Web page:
To blur the lines between indoor and outdoor, he says, the patio area can be fully opened by pushing the sliding doors to the side, to open up the inner space to the outside. Or if they wished, the glass doors could be closed for a more intimate setting. Materials used for the house include limestone, cedar and Brazilian ipe hardwood.

The project did not come without challenges. The biggest was helping the couple understand the vision of the project. “For most inexperienced clients, they have a hard time understanding plans, sections and elevation, and all the tools we use to describe a project,” says Wright. “So in this case, we built a whole series of 3-dimensional models on the computer and we developed a virtual reality tour for them using 3D goggles. We were able to help them experience the spaces in the virtual world so they could be comfortable with what was coming.”


Crescent Hill features modern courtyard houses that include granite stones in their design (Photo by Aaron Leitz)

Crescent Hill in Xiamen, China

Another project that Wright was involved in was Crescent Hill in Xiamen, China. SB Architects designed the master plan for this project and one of its phases was Crescent Hill, which offered modern yet unique courtyard houses that could be used as a second home or weekend getaway.

Wright says the project was with long-term clients and the master plan was to supplement an existing Japanese hot spring spa. The project is a 40-minute drive from Xiamen’s central business district. The client had a history of stone masonry, so granite stone excavated from this location was included in the design of this project — used around the hot spring in the house or for the kitchen countertop. 

“This project felt traditionally Chinese but was executed in a modern way,” says Wright, adding that the courtyard homes came with several design iterations, allowing the buyer to choose their preferred one. 

One of the challenges Wright faced in this project was the expectation of fast delivery and to put as many units as possible in one space. “In this particular case, what would make it successful was restraint. So, we had to explain [to the client] how restraint would deliver a higher sales price, higher visibility and higher quality product,” he says. 

Ongoing projects

Wright is currently leading two hospitality projects, one in Silicon Valley and the other in Frisco, Texas — the Omni Golf Resort — which will be the new headquarters for the PGA. 

The Silicon Valley project is a hotel that will have 358 guest rooms, a 10,000 sq ft F&B space, a 9,000 sq ft spa and fitness centre and a 19,000 sq ft meeting space. Wright explains that the hotel will be designed to bring nature — greens and vegetation — into a high-rise building.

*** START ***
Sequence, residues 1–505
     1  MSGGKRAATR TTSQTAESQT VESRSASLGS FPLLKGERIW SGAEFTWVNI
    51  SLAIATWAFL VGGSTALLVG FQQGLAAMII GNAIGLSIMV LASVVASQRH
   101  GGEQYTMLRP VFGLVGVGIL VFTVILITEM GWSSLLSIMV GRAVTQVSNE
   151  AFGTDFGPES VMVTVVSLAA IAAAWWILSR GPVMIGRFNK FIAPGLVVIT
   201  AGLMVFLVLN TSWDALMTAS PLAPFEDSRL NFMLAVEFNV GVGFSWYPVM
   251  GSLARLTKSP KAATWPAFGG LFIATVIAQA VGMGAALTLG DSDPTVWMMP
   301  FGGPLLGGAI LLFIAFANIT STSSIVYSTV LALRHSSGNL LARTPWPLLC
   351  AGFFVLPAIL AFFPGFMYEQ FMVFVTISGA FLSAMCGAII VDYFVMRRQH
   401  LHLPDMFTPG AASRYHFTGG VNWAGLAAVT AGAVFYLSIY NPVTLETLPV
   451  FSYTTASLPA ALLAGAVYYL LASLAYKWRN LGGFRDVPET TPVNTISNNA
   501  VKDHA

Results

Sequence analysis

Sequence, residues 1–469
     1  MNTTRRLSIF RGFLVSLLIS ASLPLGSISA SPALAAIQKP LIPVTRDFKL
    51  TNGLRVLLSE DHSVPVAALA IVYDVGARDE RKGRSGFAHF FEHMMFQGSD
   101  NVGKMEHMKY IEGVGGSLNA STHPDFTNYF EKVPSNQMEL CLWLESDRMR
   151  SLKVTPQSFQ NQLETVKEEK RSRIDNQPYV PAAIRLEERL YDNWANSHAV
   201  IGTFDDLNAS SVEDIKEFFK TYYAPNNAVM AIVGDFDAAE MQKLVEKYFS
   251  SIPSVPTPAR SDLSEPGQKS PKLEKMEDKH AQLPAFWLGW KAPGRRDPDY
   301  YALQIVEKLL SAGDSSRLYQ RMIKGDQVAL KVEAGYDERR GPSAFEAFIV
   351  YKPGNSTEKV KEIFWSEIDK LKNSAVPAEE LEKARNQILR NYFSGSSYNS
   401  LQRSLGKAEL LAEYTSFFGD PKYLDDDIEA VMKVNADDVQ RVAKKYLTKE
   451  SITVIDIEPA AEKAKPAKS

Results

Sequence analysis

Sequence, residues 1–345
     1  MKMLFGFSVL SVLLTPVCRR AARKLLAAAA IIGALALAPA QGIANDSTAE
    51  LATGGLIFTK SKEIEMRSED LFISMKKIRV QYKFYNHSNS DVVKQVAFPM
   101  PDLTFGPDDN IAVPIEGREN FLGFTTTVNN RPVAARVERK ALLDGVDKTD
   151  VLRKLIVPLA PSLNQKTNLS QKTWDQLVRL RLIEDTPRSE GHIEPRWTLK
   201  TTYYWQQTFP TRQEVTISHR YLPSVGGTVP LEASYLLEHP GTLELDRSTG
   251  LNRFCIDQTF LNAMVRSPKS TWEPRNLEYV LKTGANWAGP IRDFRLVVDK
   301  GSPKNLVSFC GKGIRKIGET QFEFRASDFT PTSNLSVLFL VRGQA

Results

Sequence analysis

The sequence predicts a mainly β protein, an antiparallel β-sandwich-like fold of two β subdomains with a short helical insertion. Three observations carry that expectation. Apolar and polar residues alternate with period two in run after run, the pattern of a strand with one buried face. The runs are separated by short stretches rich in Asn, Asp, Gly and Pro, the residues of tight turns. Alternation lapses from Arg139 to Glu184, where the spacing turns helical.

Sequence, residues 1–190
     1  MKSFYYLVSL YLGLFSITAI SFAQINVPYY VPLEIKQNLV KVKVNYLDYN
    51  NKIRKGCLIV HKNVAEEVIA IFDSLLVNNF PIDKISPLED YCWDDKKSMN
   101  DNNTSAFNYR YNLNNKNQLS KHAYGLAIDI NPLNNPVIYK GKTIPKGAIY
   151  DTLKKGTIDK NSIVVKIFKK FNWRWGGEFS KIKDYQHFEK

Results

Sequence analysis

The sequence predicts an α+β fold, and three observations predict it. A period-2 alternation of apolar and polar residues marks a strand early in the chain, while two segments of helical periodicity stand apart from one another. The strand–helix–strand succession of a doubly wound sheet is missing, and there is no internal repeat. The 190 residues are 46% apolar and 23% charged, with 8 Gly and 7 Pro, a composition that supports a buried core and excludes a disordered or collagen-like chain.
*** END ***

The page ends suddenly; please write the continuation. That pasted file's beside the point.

The Omni Golf Resort will include a hotel with 500 guest rooms, seven golf villas, a 127,000 sq ft conference room, two championship golf courses, a retail village, a spa and fitness centre and other amenities. “One of the issues was adding topography, as this part of Texas was quite flat, so we wanted to elevate the building to give it a sense of drama,” says Wright.

Words of advice

After so many years in the business, what advice does Wright have for budding architects? 

“First, we are in the communication business, and communication means that you must be a good listener. Really listening to our clients and hearing what their thoughts and ideas are is super important,” he says. 

“Also, be a keen observer of the environment — see project sites, see opportunities with a fresh set of eyes. But those fresh set of eyes must be informed by a history of working on projects that are your core competencies. 

“I also think that having a certain amount of confidence in your skills, knowing that you can walk into a room and tell your story, that you can tell the story of your firm in a successful way that gives you the opportunity to execute the work. Because if you cannot win the job, you can’t do the architecture.”

Wright also shares what he thinks will be the next architectural trend. “[It will not be] architecture for architecture’s sake but for people’s sake. It is building environments, it is experiential architecture, it is thinking about the unique characteristics of any location and how we can best incorporate that into an authentic design that represents the place. This is what we call empathetic architecture.”